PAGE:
The state House and Senate have both passed legislation designed to address the McCleary decision. Now we must wait as members from both chambers try to hammer out the big differences between their plans in a special session. Whatever they submit for Gov. Jay Inslee’s signature, the state’s high court will ultimately determine whether the plan meets the constitutional standards it has laid out in multiple rulings and court orders.
State Supreme Court decisions in 1978 and 2012 found that our funding system hasn’t met the standard established in Article IX, Section 1 of our state Constitution:
“It is the paramount duty of the state to make ample provision for the education of all children residing within its borders, without distinction or preference on account of race, color, caste, or sex.”
In the McCleary decision, the court found that total school funding isn’t ample and that there has been an over-reliance on local levies to fund what should be the state’s responsibility.
Part of what makes the Legislature’s task so difficult is two decades’ growth in the use of local levies to backfill inadequate state funding. In 2016, local levies totaled nearly $2.4 billion, most of which funded basic education services that are the state’s responsibility.
One of the largest areas of such local funding is educator salaries. In 1987, the state paid over 99 percent of salary costs, but by 2012, that state contribution had shrunk to 77 percent. While some of those local salary expenditures are for enhancements like extracurricular programs, the bulk of it has been for basic education.
The Senate’s plan is to basically convert those local levies into state property taxes, which helps address the funding-source part of the problem, but does little to amply fund the system. A 2017 report published by Education Law Center at Rutgers University points to one aspect of our funding problem. According to its data, even with these local contributions, Washington ranks 48th in the nation in wage competitiveness. Students across the state are paying the price for that problem as devastating teacher shortages undermine the quality of their education.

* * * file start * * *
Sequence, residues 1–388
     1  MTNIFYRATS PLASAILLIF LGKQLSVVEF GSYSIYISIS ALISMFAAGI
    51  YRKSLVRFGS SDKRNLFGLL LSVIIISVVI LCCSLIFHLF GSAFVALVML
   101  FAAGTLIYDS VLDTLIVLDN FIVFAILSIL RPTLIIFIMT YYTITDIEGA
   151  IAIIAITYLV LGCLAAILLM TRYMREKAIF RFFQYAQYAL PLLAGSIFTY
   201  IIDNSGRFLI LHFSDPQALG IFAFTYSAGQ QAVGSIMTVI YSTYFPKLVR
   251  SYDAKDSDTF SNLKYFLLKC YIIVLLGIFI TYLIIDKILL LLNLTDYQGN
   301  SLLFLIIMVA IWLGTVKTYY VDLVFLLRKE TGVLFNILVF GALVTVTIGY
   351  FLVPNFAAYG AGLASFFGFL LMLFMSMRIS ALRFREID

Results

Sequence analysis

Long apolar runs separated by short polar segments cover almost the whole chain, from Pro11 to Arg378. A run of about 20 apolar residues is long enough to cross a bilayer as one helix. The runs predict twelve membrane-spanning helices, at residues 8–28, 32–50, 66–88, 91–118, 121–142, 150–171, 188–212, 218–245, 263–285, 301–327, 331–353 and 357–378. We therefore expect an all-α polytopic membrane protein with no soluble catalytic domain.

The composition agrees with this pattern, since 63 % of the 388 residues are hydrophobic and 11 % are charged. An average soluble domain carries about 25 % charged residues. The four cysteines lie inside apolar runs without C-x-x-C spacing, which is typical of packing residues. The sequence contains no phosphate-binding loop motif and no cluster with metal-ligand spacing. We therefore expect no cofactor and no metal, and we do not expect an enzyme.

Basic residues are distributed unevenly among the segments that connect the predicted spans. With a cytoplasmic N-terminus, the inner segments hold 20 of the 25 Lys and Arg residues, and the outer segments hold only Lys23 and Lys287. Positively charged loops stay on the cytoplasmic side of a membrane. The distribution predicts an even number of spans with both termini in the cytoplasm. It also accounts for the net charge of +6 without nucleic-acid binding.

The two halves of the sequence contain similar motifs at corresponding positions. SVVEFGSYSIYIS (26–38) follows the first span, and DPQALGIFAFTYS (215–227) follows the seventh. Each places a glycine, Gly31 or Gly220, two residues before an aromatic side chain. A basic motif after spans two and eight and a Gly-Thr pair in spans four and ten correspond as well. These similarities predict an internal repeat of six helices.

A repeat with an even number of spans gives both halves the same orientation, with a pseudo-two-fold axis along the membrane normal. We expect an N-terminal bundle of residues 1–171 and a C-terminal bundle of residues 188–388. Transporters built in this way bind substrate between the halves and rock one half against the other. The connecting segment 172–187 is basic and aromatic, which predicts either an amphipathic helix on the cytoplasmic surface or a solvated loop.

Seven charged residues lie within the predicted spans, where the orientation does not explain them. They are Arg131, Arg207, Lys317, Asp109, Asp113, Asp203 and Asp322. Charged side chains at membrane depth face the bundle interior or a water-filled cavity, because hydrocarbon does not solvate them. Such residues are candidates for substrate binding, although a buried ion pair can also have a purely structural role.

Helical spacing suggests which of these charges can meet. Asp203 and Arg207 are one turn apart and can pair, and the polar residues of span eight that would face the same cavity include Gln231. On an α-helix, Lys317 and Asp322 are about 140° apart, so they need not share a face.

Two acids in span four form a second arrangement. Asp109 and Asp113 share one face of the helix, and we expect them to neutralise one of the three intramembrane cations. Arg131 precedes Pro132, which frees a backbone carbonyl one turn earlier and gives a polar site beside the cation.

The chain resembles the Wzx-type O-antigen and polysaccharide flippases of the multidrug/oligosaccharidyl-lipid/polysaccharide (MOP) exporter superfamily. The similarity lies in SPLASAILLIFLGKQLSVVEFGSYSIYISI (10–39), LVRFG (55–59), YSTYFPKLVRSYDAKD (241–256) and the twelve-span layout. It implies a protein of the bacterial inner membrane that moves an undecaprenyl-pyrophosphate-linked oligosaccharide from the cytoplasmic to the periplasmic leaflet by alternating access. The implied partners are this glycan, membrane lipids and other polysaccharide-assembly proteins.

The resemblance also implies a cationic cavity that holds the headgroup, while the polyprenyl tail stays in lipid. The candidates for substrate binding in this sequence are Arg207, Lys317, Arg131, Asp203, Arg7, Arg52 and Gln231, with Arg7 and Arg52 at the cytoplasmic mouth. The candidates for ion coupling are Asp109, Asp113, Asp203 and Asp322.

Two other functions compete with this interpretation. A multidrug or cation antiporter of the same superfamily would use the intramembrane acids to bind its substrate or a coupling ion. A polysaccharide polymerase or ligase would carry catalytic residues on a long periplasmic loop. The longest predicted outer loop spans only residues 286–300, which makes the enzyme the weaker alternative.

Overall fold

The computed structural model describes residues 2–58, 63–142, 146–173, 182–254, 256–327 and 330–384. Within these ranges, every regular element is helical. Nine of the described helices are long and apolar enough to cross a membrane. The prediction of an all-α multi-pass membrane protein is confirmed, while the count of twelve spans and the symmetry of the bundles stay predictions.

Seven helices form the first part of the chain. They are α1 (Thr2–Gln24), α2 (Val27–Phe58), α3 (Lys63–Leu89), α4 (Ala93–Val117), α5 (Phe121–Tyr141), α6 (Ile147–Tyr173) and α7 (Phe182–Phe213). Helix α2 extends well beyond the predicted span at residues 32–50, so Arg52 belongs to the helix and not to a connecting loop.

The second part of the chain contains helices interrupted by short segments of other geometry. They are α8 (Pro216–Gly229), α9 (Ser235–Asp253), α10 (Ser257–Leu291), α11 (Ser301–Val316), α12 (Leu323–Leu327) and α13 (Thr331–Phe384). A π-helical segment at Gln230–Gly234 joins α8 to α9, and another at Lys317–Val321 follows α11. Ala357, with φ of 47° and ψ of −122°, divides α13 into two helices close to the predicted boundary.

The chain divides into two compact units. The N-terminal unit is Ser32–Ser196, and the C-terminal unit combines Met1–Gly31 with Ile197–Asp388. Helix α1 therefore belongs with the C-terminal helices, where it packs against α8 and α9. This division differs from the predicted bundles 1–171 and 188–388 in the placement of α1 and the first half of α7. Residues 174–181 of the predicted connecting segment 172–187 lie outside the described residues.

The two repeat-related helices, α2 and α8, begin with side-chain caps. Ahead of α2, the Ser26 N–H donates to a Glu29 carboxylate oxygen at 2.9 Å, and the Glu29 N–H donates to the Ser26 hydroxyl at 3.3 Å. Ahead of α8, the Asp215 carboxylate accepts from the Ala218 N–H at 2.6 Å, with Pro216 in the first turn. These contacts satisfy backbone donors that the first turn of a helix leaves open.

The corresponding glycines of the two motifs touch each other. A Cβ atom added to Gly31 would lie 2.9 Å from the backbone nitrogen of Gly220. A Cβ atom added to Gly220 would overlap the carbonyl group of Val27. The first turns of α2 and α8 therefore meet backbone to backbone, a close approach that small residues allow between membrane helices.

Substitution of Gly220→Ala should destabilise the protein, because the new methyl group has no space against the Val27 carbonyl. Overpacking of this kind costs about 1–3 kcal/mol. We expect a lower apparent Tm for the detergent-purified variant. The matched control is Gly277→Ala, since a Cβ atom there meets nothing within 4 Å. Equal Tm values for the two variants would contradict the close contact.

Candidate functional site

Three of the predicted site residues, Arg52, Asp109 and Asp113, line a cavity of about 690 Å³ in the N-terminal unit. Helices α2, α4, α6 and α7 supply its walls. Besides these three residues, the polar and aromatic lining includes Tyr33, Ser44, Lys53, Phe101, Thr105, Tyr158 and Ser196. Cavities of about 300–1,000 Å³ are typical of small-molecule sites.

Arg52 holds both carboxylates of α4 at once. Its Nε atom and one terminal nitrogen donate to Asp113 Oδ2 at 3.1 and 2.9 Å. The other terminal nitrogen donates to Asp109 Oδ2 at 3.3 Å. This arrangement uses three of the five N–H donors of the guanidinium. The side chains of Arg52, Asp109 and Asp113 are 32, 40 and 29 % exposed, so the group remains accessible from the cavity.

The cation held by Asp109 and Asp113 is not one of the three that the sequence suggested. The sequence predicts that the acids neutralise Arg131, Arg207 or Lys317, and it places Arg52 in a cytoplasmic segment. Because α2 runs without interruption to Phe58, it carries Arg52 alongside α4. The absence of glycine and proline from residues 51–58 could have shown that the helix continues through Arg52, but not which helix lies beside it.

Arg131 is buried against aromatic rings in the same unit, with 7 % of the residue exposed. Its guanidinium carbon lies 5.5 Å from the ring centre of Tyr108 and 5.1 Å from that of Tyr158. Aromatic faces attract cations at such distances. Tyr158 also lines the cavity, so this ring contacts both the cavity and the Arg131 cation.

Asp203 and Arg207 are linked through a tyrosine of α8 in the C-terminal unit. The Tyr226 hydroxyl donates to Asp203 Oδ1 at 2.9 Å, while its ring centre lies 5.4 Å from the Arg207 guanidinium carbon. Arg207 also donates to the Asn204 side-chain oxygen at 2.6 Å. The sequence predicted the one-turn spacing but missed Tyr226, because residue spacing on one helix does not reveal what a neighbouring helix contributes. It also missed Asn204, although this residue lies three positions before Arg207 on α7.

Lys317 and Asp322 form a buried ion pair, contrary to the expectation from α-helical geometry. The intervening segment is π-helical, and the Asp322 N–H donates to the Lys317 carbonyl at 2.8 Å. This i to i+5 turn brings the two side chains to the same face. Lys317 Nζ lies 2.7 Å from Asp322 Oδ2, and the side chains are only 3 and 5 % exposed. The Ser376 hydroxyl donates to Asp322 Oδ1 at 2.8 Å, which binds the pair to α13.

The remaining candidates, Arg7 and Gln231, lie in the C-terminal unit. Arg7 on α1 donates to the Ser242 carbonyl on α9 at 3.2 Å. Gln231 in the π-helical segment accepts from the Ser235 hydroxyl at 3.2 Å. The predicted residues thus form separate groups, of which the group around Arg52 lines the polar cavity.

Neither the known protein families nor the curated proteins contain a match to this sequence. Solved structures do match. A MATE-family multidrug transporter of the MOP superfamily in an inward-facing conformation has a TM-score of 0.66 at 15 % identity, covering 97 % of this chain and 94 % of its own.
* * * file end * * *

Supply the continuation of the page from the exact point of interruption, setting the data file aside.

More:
While the House provides significantly more funding than the Senate, both plans are hampered by resource limitations based on perceptions of what our citizens are able or willing to pay. Another element of the Rutgers report sheds some light on that issue. Its funding-effort index calculates each state’s education spending as a percentage of its gross state product. In that measure, Washington ranked 46th in the nation.
Clearly, we have untapped capacity. To get to the midpoint among the states would require an increase of $2.6 billion per year. That represents $5.2 billion per biennium, which is more than double the 2017-19 new funding provided by the House and nearly six times what the Senate plan would add.
The problem with Washington’s taxes isn’t that they are too high, it’s that high earners aren’t paying their fair share. According to the 2015 report by the Institute on Taxation and Economic Policy, Washington has the most regressive tax system in the nation. As a national average, the top 1 percent of wage earners paid 5.4 percent of their income in taxes, compared with 10.9 percent among the lowest 20 percent. In Washington, the top 1 percent pay 2.4 percent while the bottom 20 percent pay 16.8 percent.
Inslee’s revenue package sought to address that inequity while raising the revenue needed to amply fund schools. The House plan followed the same pattern, but scaled back the total amount when facing the challenge of securing the necessary votes to pass its budget. Senate Republicans insist that McCleary can be solved within existing revenue. Their funding plan is based on a levy swap that converts local levies into a state property tax without adding much new revenue.
It can be argued that neither plan provides ample funding, but the House plan is clearly much closer to that bar. Even after the legislative negotiations come up with the amount and source of funding, many other issues must be addressed as part of a McCleary plan to avoid similar problems in the future. One of the most important provisions is to prohibit any additional local funding of teachers’ basic education salaries.
There also needs to be a thoughtful transition period in which we unravel existing practices while providing sufficient capacity for school districts to meet their contractual obligations without bankrupting the district. That’s a big lift for legislators, but current and future generations of students are counting on them to get it right.
Bill Keim is the executive director of the Washington Association of School Administrators.
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